If I use the free downloadable MSMoney software for MS Windows, then it calculates performance numbers using the XIRR() algorithm and matches exactly numbers reported elsewhere. I find this a good way to track my portfolio without using a spreadsheet.
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Posts: 2991
Joined: Wed Feb 14, 2018 9:10 am

### Re: Performance Returns

YikesHighFees wrote:
Mon Apr 15, 2019 4:49 am
Hello all,

Can anyone please clarify, in general when an investment reports performance returns on your monthly statement, it typically shows them at '3 Months, or QTR, Year-To-Date, 1 Year, 3 Years, 5 Years, Since Inception.. Hence, if the statement is covering the period 3/1/2019 to 3/31/2019, is it the case that 1 Year is the performance from 3/31/2018 to 3/31/2019 using the account value on (3/31/2019 minus the value on 3/31/2018) divided by the account value on 3/31/2018? Example, On 3/31/2018 value is \$100K, on 3/31/2019 value grew to \$125K, thus, 25K divided by \$100K equals \$25K then divided by \$100K equals .25 or 25%?

If correct, to do the 3-Year and 5-Year, this process is repeated for EACH year from the calendar dates back 3 years and 5 years then the average taken for those 3 and 5 year data points?

In addition to confirming the formula, I am also interested in knowing the dates to use. So, is it correct if starting with a statement ending 3/31/2019, I would need to look at account values on statements ending 3/31/2018, 3/31/2017, and so on back to 3/31/2014?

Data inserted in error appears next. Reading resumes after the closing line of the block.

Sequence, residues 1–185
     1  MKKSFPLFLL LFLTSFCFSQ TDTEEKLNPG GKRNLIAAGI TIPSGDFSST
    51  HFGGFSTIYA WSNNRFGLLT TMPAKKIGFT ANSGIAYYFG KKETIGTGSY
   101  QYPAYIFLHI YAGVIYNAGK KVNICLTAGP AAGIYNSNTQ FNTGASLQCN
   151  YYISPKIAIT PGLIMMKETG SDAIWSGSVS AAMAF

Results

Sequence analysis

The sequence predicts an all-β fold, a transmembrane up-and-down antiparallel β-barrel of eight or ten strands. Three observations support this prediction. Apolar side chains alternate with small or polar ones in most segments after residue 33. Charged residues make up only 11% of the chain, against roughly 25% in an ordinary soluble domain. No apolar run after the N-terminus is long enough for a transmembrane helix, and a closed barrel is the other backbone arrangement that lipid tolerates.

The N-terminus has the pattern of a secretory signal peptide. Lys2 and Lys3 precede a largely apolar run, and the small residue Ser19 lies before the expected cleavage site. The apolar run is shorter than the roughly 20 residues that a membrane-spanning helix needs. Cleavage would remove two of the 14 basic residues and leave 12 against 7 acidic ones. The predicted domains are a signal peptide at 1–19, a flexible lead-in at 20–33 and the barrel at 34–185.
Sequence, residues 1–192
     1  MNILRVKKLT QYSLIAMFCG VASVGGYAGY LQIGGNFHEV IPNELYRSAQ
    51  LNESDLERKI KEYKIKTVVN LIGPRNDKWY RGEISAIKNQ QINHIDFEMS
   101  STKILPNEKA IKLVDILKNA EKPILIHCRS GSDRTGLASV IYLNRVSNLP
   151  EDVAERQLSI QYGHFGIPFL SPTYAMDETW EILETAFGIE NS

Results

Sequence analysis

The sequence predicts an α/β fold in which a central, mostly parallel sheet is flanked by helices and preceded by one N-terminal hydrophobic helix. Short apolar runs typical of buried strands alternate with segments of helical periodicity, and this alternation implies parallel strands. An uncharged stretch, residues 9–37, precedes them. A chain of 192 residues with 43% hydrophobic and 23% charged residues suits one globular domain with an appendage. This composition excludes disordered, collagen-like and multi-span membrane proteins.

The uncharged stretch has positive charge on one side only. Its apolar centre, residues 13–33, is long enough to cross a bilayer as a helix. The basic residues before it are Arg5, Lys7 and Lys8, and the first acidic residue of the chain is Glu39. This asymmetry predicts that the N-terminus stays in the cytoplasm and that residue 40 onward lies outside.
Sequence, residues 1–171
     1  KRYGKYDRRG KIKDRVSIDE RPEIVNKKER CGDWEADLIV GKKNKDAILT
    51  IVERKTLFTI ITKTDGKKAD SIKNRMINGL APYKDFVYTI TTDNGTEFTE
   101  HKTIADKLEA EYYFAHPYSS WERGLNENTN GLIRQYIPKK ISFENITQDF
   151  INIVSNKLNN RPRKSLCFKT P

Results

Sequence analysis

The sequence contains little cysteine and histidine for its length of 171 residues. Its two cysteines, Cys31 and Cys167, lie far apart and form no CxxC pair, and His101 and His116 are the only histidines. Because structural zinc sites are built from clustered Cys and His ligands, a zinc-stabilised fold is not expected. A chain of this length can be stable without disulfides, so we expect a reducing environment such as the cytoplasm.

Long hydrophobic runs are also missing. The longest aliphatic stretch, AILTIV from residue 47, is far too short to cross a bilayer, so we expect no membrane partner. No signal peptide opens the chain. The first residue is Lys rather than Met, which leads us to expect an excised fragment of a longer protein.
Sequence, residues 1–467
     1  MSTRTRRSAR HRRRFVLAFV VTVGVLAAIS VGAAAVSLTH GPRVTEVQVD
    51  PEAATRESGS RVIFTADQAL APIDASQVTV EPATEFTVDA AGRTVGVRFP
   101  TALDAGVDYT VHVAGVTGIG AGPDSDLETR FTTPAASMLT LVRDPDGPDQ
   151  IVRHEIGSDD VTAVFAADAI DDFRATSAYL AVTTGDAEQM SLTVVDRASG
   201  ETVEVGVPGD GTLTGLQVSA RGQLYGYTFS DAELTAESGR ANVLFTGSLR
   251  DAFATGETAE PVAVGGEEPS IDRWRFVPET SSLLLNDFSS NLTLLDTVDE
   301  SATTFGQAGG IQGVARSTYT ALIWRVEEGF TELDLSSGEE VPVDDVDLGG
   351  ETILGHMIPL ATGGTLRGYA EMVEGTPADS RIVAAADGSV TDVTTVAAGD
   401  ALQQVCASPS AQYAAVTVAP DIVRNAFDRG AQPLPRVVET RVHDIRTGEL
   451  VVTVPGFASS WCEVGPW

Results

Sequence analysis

When I run the numbers like this, my numbers are about 2% lower than those reported on my statement. I added back advisory fees into the account value that were taken out during each year but did not add back in expense ratio impact.

Thanks to anyone who can follow this and provide some insight!

Clearly, the returns should be for periods through the statement date, so a 3/31/19 statement would show returns to that date for the periods listed, and comparable years would be the same. However, taking your statement balance assumes that you've reinvested dividends and capital gains for everything.

Neither Vanguard nor Fidelity put these types of tables on their statements. Why? Past performance is not indication of future performance.
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Electron
Posts: 1835
Joined: Sat Mar 10, 2007 8:46 pm

### Re: Performance Returns

YikesHighFees wrote:
Mon Apr 15, 2019 4:49 am
If correct, to do the 3-Year and 5-Year, this process is repeated for EACH year from the calendar dates back 3 years and 5 years then the average taken for those 3 and 5 year data points?
If the statement is showing historical fund returns, they typically show compound annual returns and also assume reinvestment of all distributions. A compound annual return would be the effective annual return over the full period and is not representative of what happened in any given year. Compound annual returns can be calculated using only the starting and ending values along with the time period.

Any footnotes at the bottom of your statement may provide details on the data presented.

https://www.investopedia.com/terms/c/cagr.asp

You can calculate compound annual returns yourself with a Scientific Calculator by working with exponents. I've done that quite a few times working with the Growth of \$10,000 charts provided by Morningstar.
Electron